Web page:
The buildings and fortifications that make up the fort in its current incarnation are the accumulation of French, British and American occupations since 1679 when the French Fort Conti was first established here. The junction between the Niagara and Lake Ontario was the gateway to the Great Lakes and the west. Whoever controlled access to the river and the support of the native Seneca Nation had the strategic advantage. The fort came under siege multiple times and changed hands throughout its history, as nations struggled to control the world’s largest inland waterway.
The War of 1812 was Fort Niagara’s last armed conflict and after 1916 it served only as a peaceful border post for the most part. For the Civil War the complex was extended outside the Old Fort walls into the “New Fort,” which now serves as the State Park. US soldiers were trained and garrisoned here through both World Wars and up until 1963. Today, the US Coast Guard is the only military presence left. Their station is located outside the fortification walls to the south, along the Niagara.
Restoration of the Old Fort began in 1926 and was completed in 1934. In 2006 a multi-million dollar Visitor Center opened and now serves as both a museum and gateway to the Old Fort. The museum has interactive exhibits, an information desk, and features the original US flag flown over the fort during the War of 1812 , sealed in a climate-controlled preservation room. The not-for-profit Old Fort Niagara Association works in cooperation with the New York State Office of Park, Recreation and Historic Preservation to preserve, to restore and maintain the Old Fort. They organize regular demonstrations, educational programs and exciting reenactments. Even those that glazed over history in school, will perk up when the soldiers start marching and the cannons and muskets start crackling.
Fort Niagara Media
Fort Niagara Video
Live stream from the top of the Fort Niagara Lighthouse
Fort Niagara Photo Gallery
A friendly reminder that the photos on this page are under copyright of the creator and unauthorized commercial use will result in a bill being sent for license fees. You may use a photo on your website as long as it links back to this page.
Hiking / Walking Trails
Trail Guide: The State Park has nature trails on the east side of the park for a total of 5 miles. The roads and walkways in the park and historic site are also very walkable with the occasional interesting view or historic signage. A walk around the park is roughly 4 miles.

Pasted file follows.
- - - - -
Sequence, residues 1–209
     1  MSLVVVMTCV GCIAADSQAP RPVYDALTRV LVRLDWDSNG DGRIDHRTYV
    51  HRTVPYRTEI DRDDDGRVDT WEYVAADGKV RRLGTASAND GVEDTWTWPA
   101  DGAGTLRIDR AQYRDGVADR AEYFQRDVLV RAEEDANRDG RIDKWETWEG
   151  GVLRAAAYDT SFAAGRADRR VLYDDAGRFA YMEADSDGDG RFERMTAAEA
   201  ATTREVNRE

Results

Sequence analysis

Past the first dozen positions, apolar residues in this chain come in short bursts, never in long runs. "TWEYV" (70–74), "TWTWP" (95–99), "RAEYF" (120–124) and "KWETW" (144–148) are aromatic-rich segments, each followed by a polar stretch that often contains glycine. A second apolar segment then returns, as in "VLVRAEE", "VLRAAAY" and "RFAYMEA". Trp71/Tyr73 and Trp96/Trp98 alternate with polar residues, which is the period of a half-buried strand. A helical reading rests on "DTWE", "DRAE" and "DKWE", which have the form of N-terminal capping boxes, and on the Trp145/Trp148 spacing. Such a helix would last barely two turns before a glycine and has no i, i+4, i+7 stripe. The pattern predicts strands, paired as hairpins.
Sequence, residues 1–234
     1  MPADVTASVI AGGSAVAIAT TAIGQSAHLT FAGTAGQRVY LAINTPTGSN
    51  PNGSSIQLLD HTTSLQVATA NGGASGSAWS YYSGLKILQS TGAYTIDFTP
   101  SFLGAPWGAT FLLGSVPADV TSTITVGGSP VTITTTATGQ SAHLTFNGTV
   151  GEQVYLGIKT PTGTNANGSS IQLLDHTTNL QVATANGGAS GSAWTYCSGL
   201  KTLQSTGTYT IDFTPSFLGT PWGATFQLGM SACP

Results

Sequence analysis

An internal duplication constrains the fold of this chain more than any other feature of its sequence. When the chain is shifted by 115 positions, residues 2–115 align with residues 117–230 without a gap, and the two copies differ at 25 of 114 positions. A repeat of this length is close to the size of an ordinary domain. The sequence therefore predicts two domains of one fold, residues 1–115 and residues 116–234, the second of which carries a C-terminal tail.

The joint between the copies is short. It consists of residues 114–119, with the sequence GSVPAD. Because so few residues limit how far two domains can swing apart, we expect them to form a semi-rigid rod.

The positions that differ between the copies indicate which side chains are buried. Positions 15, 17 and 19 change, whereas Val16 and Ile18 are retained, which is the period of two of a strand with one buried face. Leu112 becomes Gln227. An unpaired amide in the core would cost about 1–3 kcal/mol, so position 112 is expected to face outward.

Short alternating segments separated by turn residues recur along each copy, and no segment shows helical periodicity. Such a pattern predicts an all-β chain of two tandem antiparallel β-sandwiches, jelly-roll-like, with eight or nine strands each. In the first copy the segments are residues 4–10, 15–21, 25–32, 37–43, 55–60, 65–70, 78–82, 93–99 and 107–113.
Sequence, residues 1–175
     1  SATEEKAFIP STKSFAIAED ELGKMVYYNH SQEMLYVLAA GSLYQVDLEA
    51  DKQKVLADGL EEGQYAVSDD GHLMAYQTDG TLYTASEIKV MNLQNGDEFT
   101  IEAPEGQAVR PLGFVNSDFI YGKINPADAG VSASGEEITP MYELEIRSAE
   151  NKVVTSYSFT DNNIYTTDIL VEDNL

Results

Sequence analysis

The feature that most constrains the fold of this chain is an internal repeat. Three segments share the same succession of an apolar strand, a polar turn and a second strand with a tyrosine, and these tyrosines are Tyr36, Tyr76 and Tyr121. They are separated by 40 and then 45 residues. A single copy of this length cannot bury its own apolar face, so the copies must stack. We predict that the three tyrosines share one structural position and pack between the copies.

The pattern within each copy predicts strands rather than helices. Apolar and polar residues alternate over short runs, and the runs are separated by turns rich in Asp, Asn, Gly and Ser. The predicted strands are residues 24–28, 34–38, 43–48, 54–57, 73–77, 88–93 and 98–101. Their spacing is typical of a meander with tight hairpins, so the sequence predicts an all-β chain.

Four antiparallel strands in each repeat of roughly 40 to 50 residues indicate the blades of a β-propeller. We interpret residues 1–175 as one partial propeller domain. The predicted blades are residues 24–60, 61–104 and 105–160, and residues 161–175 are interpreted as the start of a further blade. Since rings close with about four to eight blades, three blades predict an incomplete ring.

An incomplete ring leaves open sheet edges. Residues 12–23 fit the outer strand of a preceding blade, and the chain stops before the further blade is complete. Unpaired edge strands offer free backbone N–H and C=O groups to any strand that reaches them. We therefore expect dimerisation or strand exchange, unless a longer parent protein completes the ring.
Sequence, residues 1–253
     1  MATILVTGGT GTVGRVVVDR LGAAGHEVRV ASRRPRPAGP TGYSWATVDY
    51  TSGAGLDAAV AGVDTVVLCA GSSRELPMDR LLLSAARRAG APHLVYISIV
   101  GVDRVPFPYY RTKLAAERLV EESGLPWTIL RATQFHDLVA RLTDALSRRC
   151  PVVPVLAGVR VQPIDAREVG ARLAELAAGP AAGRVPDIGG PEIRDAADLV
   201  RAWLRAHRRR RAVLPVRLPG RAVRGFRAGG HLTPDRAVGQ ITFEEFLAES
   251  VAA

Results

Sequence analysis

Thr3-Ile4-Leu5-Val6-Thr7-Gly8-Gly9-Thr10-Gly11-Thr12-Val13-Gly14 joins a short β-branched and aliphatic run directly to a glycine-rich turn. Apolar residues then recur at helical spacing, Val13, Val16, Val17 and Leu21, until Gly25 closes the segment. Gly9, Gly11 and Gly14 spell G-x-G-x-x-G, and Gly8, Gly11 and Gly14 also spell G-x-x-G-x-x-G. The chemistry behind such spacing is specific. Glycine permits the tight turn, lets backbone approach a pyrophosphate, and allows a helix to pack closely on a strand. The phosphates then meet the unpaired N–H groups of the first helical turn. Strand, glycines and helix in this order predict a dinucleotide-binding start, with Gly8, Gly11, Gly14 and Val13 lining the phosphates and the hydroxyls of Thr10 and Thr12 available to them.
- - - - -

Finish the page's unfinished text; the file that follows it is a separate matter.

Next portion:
Markings: Trailheads are labeled and trails are clearly defined with color markings.
Distance: Two miles of wooded trails. Several miles of roadside walking.
Description: The Beach Trail is a short trail with multiple branches, that can be accessed from the lake shore in the northeast corner of the park near the entrance and the Robert Moses State Parkway of the Sun Lawn at the lake. Extending across the Parkway and down the wooded eastern border of the park is the half-mile Range Trail. It can be accessed from the parkway ramp on the north or the playing fields at the south.
The Sun Lawn and the pebble beach along Lake Ontario is also an excellent spot for a short walk. On a clear day, you can see Toronto on the other side of the lake.
Other hiking opportunities can be found by following the looping park roads. See the map below for the recommended “Measured Walk” around the park.
The self-guided tour to the Old Fort is also an excellent opportunity for a walk. Pick up the guide at the admission desk.
Map: Trail Map.
Fort Niagara Historical Timeline
|1678||–||French explorer René-Robert Cavelier, Sieur de La Salle built a small post here and dubbed it Fort Conti. It burned to the ground less than a year later.|
|1687||–||The Governor of New France, Jacques-Rene de Brisay, Marquis de Denonville constructed Fort Denonville on the former site of Fort Conti. The purpose of the new fort was to “control” the native Seneca population. Severe winter weather, pressure from Seneca warriors, and lack of supplies decimated the 100 soldiers stationed there.|
|September 1688||–||The French abandoned the post and the stockade was pulled down. The Seneca tribe of the Iroquois Nation had successfully reestablished dominance over the Niagara region.|
|1725||–||The French met with Iroquois leaders at Onondaga, in central New York, to ask permission to build a peaceful outpost at the site. Permission was granted.|
|1726||–||The French built the two story “Maison A Machicoulis” (referred to today as the “French Castle”). It was used as a peaceful trading post and embassy to the Iroquois. Despite its peaceful intentions, it was enclosed in a wooden stockade to help protect it from hostile natives. The French again controlled access to the west through the Great Lakes.|
|1744-1748||–||King George’s War led to expansion of the Fort.|
|1755||–||The French and Indian War begins. By this time the post had long since served as a guardian of the portage rather than the peaceful trading post the French told the Iroquois it was for. The war led to additional fortifications and expansion of the complex.|
|July 1759||–||The British, led by commander Sir William Johnson, capture the Fort in the nineteen day siege, called the Battle of Fort Niagara.|
|1763||–||The French and Indian War ends.|
|1759-1796||–||The British maintain control of the Fort, using it as a loyalist base during the American Revolutionary War. Fort Niagara becomes notorious for drinking, brawling, whoring, and cheating. Crude taverns, stores, and bordellos sprouted on “the Bottom,” the riverside flat below the fort.|